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Nine Elms: Rising From the Rubble

Alastair Vaughan discovers how an unloved stretch of the river Thames became London’s smartest new neighbourhood.

Compared to the other great European cities, one of London’s enduring strengths is that it keeps evolving. Paris might be more beautiful, but the centre has lain mostly untouched, like a museum exhibit, since the 19th century. But London keeps building, bringing old bones to new life. Nowhere is this more obvious than at Nine Elms, on the south bank of the Thames at Battersea, where a languishing in-between space, that for years was overshadowed by the derelict Victorian hulk of Battersea Power Station, is giving way to a neighbourhood fit for the 21st-century, a micro city within the city of dazzling residential towers, sculpted parks and commercial premises showcasing the best of the world’s food, fashion, art and design.

In D’Arby’s and Oxeye, Nine Elms already has two of the best new restaurants in the city. The Sky Pool, a 25-metre swimming pool suspended miraculously between two towers, 35m in the air, has made Embassy Gardens the most talked-about – and certainly the most photographed – new residential accommodation in the city. There are shops and boutiques and offices and gyms and markets and parks. There are two new Tube stations, one at Nine Elms and one at Battersea Power Station: an extension of the Northern Line. The old station at Nine Elms had been shut since the 1960s. Since then, people looking for a smart new London address would not have paid it a second thought. Now it will be near the top of their list.


Nine Elms residential accommodation living area
Nine Elms residential accommodation with full length windows

"Number 8 forms the centrepiece of One Thames City, a stylish twelve-building development, which is due to be completed later this year."

None of this happened overnight. Nine Elms, like its neighbour Battersea Power Station, always had potential. It was surprising that these areas, a stone’s throw from Parliament and just over the river from some of the capital’s smartest postcodes in Chelsea, were not more established residential neighbourhoods. But who wants to live in the shade of an abandoned power station?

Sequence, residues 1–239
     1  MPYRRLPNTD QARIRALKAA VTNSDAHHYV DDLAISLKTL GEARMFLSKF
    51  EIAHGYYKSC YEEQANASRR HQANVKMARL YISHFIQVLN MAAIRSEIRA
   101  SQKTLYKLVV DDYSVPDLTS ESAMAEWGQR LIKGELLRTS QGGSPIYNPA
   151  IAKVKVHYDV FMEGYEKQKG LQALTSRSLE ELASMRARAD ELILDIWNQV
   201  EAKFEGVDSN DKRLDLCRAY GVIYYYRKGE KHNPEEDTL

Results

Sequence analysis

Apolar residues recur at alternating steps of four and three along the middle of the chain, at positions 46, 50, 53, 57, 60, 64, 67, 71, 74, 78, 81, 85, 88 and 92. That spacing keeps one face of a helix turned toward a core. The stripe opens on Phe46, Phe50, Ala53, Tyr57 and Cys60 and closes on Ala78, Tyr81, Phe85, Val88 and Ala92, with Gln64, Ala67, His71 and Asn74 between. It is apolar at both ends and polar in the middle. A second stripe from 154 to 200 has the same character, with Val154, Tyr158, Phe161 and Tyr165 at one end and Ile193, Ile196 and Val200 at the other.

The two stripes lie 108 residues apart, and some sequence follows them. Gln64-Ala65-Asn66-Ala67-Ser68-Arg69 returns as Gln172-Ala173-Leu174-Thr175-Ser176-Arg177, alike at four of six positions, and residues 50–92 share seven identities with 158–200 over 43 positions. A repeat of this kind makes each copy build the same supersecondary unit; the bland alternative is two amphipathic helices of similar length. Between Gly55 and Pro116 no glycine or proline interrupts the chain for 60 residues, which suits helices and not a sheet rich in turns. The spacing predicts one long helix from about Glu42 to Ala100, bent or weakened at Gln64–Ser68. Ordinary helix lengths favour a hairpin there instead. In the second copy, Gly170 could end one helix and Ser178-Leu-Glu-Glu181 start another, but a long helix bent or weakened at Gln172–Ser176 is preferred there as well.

The renaissance started with the American Embassy. When, in 2008, the US government announced plans to relocate from Grosvenor Square to a new, purpose-built building south of the river, you could be sure others would follow. Four years later, Wandsworth approved Ballymore’s plan for Embassy Gardens, a complete reimagining of the area based around 2,000 new homes. More announcements followed, including the 53-storey tower, Number 8, the tallest residential building in Zone 1, which topped out earlier this year. Number 8 forms the centrepiece of One Thames City, a stylish twelve-building development (with immaculate lighting, we might add) which is due to be completed later this year.

There have been plenty of teething problems along the way: accusations that not enough was being done for social housing, and rumours of problems around financing and disappointing early sales. Between Brexit and the pandemic, there have been plenty of outside obstacles over the past six years. But nothing worthwhile was ever easy. As people from all over the world move into their new homes, Nine Elms is proving that in London the old adage holds true: build it and they will come.